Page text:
Then we get this odd final sentence that’s supposed to explain why narrative (as she misdefines it) can be politically problematic. The use of the catch-all bugabear “the media” obscures meaning here. Does she mean journalists? Or does she mean politically minded works of art like Ruined or Angels in America? Either way, again, there is no way that you can create something that doesn’t exclude something, probably something important. What you can do—what I’d argue is the duty of both journalists and artists— is be responsible about what you omit, try to check your own ideological involvement in that decision and, if you’re a journalist, try to do follow up when possible. The problem of leaving things out is as much a problem of time and space as it is how stories are constructed.
Throughout the essay, Pearson confuses narrative in general with the tropes of the “well made play.” They’re not the same, and as a result the essay doesn’t really question anything. Pearson is suspicious of how seductive a well-made, highly conventional story can be. And she’s right to be. It’s fun to be swept away, but we also need to be critical of the sweeping, or else we end up with hate crimes like Gone With The Wind for our classics. But that’s not narrative, that’s convention.
Ultimately, all that narrative really requires is things causing other things to happen. Causality isn’t a social construct, or a kind of meaning we impose on the world. If I punch you in the face, it’s not a comforting myth that you’ve then been punched. I’ve caused that to happen. And if in response to that punch in the face you kick me in the shins, we have a chain of causality.
In her final paragraph, she floats an idea that’s quite popular in more high fallutin’ circles of academia, literature and performance, namely that we desire narrative out of fear, that the world is a chaotic, messy, not-understandable place, and we want a story to help make sense of it and our place in it. Leaving aside for a moment that there are narratives that descend into utter chaos and incoherence (I just finished one, Stanislaw Lem’s Memoirs Found In A Bathtub, this morning), it’s an interesting idea, one I’m not sure if I agree with or not, frankly. Here’s Pearson’s version of it:
Finally, I sometimes wonder if the real reason we need stories originates from the fear that our lives may never find a final resolution in any way that we will be conscious of. If this, mortality and the confusing nature of an ongoing existence, is what is really behind our desire for storytelling, then perhaps we should just see it as a neurotic quirk of the human species.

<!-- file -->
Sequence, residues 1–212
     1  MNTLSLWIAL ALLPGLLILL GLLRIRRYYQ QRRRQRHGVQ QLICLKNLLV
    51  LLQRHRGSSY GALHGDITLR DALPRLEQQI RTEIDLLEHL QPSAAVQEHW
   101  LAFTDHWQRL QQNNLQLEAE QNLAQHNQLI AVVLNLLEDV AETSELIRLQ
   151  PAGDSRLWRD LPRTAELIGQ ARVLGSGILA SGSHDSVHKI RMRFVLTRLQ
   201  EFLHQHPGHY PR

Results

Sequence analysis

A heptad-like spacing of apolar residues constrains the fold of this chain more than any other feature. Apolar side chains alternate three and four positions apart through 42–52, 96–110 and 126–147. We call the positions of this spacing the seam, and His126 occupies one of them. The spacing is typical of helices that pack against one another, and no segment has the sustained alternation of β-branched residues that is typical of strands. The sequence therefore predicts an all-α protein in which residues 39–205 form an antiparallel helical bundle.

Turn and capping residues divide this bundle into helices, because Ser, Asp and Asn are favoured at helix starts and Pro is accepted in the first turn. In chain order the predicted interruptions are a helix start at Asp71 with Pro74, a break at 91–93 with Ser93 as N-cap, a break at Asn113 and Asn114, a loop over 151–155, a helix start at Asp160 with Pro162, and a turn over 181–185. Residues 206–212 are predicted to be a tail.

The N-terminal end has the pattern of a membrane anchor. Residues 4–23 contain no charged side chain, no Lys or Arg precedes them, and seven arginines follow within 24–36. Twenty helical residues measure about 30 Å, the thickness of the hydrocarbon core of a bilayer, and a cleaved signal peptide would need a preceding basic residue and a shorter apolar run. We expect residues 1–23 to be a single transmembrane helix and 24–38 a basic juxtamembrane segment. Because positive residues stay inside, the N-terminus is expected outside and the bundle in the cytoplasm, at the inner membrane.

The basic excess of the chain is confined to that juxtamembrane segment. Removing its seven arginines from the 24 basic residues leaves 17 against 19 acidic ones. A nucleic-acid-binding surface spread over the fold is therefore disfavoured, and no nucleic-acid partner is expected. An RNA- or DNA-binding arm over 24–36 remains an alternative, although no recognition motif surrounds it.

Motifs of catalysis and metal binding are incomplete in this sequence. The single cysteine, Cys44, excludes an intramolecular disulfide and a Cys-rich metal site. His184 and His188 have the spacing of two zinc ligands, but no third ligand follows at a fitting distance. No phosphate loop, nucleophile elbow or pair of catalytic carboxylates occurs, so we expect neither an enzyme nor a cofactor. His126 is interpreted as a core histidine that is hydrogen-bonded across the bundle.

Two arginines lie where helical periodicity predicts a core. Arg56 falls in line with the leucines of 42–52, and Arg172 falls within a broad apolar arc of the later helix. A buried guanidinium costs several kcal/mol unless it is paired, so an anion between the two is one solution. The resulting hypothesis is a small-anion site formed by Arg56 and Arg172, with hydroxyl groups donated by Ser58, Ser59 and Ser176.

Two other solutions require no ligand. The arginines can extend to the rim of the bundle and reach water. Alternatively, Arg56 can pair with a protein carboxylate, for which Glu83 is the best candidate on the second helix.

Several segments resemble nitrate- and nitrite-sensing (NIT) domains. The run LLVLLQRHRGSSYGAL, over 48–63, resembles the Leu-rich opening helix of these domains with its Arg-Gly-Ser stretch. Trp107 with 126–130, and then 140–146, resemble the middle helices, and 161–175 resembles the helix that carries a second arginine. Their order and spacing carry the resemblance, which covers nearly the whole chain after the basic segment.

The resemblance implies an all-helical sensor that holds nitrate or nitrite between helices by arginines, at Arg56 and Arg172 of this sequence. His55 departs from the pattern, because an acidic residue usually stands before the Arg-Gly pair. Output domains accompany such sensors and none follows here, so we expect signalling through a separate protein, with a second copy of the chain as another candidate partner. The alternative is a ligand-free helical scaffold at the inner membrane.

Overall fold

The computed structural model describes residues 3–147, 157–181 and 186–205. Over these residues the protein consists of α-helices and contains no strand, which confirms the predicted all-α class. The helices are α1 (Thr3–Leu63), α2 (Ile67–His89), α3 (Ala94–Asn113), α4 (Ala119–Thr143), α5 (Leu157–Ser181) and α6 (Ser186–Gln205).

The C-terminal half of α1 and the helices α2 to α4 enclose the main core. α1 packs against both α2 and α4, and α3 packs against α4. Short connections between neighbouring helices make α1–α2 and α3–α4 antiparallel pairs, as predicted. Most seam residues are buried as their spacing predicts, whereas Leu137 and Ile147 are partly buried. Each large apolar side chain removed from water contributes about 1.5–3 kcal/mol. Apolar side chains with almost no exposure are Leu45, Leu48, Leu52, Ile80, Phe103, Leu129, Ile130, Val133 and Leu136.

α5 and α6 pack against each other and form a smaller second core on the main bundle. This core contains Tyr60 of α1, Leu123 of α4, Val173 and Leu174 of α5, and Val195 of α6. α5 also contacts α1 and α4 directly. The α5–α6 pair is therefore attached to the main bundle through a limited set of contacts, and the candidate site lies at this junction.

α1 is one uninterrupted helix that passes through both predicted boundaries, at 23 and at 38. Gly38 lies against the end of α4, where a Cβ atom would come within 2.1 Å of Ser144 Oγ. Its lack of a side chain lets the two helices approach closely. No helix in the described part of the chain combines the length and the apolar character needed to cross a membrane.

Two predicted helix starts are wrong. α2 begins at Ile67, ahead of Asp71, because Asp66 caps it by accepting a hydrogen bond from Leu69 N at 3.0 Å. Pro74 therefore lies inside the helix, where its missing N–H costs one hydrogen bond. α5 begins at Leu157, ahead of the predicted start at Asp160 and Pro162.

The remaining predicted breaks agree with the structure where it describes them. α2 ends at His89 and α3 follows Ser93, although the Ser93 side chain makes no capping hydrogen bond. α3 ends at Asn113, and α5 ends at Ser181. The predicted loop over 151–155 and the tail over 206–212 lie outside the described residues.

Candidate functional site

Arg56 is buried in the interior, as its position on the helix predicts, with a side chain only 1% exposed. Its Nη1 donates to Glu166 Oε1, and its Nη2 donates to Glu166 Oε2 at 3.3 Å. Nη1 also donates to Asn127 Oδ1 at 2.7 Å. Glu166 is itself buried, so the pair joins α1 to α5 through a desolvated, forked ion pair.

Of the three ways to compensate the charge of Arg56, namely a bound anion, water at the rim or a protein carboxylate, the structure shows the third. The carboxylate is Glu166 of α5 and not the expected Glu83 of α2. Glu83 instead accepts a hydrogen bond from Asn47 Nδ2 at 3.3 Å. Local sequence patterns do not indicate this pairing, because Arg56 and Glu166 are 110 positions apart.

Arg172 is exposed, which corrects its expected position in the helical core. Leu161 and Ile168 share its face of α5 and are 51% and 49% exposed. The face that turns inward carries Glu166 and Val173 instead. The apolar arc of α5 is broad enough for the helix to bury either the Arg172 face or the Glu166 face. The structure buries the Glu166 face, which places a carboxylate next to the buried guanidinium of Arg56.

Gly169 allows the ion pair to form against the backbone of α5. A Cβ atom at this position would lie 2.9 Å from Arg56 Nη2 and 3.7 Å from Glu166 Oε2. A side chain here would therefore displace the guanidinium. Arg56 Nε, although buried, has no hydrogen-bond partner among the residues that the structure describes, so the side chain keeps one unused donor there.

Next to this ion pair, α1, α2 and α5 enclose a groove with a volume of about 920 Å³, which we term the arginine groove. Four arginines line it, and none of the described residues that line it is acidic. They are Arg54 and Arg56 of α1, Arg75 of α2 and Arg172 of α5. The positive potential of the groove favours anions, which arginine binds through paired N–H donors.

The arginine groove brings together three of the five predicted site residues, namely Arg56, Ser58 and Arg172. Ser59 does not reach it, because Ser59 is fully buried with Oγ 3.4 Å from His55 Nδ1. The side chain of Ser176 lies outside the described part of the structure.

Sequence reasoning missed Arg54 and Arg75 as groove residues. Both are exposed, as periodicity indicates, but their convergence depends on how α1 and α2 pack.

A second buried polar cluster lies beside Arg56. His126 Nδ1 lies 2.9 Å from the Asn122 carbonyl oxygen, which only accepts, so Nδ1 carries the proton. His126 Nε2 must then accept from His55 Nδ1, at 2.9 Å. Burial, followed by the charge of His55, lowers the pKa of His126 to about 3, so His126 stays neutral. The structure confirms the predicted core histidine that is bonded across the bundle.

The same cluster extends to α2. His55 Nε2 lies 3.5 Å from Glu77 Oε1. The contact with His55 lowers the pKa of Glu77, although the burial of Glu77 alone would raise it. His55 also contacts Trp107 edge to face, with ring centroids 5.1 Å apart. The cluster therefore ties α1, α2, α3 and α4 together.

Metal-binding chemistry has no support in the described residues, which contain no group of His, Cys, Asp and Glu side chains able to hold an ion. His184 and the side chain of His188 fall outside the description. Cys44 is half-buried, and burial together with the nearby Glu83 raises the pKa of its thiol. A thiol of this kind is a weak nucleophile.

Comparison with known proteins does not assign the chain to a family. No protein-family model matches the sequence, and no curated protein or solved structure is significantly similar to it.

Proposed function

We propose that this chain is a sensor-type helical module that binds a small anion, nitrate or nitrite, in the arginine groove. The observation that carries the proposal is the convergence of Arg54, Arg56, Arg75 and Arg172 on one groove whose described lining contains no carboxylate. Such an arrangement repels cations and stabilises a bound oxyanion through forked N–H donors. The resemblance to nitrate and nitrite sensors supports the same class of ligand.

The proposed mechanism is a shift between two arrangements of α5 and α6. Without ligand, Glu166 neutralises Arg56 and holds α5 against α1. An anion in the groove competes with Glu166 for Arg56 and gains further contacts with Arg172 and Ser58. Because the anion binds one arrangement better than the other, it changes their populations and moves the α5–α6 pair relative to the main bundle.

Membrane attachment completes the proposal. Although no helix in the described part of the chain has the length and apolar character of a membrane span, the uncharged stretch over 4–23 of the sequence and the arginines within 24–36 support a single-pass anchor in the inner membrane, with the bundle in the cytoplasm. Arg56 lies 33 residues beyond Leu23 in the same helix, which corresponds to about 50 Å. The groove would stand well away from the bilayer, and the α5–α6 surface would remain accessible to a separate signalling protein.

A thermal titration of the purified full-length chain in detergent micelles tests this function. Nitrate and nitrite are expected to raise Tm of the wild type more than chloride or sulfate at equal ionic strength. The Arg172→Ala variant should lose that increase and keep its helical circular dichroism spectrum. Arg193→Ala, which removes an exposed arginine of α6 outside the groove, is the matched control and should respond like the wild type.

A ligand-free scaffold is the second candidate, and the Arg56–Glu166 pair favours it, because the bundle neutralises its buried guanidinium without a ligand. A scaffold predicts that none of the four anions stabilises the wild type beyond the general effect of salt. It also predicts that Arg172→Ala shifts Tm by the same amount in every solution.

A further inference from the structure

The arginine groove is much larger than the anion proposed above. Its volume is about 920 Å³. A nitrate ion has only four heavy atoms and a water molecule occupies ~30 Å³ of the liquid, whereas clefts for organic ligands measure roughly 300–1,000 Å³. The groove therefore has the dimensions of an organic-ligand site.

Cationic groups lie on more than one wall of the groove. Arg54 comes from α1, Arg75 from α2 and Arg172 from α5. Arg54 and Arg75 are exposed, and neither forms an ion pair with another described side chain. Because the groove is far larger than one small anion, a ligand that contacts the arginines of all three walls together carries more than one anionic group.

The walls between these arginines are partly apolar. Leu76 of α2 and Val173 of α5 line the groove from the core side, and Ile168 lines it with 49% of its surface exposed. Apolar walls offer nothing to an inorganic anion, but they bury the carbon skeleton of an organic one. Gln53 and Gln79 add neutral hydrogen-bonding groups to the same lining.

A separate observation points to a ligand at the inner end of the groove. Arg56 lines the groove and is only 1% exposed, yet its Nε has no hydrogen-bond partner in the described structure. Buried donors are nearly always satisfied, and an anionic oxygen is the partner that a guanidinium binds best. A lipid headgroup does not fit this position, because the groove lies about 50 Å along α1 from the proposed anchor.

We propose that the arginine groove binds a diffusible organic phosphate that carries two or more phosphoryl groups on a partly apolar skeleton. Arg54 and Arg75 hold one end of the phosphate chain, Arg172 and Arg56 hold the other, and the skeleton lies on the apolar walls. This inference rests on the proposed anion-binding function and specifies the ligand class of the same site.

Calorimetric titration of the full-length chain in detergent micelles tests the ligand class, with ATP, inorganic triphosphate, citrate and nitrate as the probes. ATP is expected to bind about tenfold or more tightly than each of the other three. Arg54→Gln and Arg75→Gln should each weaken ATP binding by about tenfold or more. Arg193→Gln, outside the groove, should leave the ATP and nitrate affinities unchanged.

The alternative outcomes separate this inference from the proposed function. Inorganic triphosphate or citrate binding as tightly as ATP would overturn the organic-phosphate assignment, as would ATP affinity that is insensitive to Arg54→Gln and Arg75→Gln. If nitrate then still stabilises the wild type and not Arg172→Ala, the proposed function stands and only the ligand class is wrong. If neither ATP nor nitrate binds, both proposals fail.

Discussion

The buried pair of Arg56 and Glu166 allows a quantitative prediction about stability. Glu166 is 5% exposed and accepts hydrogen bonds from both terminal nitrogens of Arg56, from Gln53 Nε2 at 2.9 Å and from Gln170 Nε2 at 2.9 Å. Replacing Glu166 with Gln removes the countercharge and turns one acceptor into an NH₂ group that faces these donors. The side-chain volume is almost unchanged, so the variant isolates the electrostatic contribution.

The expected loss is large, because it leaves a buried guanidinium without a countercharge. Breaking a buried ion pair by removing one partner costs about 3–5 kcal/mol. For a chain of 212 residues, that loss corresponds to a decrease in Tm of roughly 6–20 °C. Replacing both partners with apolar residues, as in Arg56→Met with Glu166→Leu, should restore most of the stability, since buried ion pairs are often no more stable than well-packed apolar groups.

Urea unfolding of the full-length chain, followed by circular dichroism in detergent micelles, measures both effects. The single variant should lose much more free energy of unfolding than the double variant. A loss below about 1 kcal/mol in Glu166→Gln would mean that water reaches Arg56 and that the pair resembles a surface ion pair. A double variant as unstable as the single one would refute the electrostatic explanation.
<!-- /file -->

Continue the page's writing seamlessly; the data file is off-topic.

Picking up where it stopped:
I love narrative too much to dismiss it on these terms, but I hear and read things like this all the time, particularly from people who adhere to the “performance” tradition rather than the theatre tradition. Given that I remain a bit unsure how I feel about it, I will simply counter with another idea that a professor of mine floated the other day, one I’m still chewing over and unsure of my feelings about:
There’s a class dynamic to the above quoted approach to narrative that people don’t want to look at. Basically, since the enlightenment, we have wanted to see ourselves as having a large amount of agency to enact change in the world and decide our destiny. This is particularly true of members of the, shall we say, professional-managerial classes.
Highly conventional narratives reject this idea. In highly conventional narratives, the protagonist is a cog in a machine that preexists her. She doesn’t have control, the rules have control. Those of us who have risen to a point where we (mistakenly) believe that institutions don’t govern the vast majority of what we do want to reject these kinds of stories because they are suffocating to us, because they remind us that we too are subject to rules and institutions that we (mistakenly) believe ourselves to have transcended. But these highly conventionalized narratives actually reflect more honestly the experience of being, say, working class, where your choices are far more overtly narrowed by institutional realities.
When asked about the “Shakespearean” and “Dickensian” qualities of The Wire, David Simon regularly draws the interviewers attention to the Greeks. He says that with The Wire, he tried to reach back to a pre-enlightenment understanding of people, where they actually had very little agency to affect change. For the Greeks, it was because the Gods controlled everything. For The Wire, the Greek Gods are replaced with large institutions. Greek drama was also highly conventionalized. This isn’t a coincidence. Perhaps then Pearson seeks comfort in a rejection of narrative because it reifies her worldview and grants her more control.
Again, I’m not sure how I feel about that one, but I think it’s a point of view equally worthy of thought and attention to the condescending idea that people like stories because they’re babies in need of a security blanket.